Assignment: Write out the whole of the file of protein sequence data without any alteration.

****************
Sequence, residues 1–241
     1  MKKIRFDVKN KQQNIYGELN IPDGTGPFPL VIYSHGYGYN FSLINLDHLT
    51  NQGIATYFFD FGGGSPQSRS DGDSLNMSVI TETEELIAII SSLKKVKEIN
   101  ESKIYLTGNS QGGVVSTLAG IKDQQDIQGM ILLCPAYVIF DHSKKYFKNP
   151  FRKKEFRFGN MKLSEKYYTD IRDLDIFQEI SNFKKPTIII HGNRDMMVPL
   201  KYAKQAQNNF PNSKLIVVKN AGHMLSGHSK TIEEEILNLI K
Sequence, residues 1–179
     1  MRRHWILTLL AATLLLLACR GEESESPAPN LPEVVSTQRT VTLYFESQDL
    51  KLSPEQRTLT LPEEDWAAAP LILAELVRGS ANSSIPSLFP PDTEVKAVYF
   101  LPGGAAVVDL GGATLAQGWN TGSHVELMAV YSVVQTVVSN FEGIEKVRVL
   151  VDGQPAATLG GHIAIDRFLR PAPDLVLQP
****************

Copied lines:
Sequence, residues 1–241
     1  MKKIRFDVKN KQQNIYGELN IPDGTGPFPL VIYSHGYGYN FSLINLDHLT
    51  NQGIATYFFD FGGGSPQSRS DGDSLNMSVI TETEELIAII SSLKKVKEIN
   101  ESKIYLTGNS QGGVVSTLAG IKDQQDIQGM ILLCPAYVIF DHSKKYFKNP
   151  FRKKEFRFGN MKLSEKYYTD IRDLDIFQEI SNFKKPTIII HGNRDMMVPL
   201  KYAKQAQNNF PNSKLIVVKN AGHMLSGHSK TIEEEILNLI K
Sequence, residues 1–179
     1  MRRHWILTLL AATLLLLACR GEESESPAPN LPEVVSTQRT VTLYFESQDL
    51  KLSPEQRTLT LPEEDWAAAP LILAELVRGS ANSSIPSLFP PDTEVKAVYF
   101  LPGGAAVVDL GGATLAQGWN TGSHVELMAV YSVVQTVVSN FEGIEKVRVL
   151  VDGQPAATLG GHIAIDRFLR PAPDLVLQP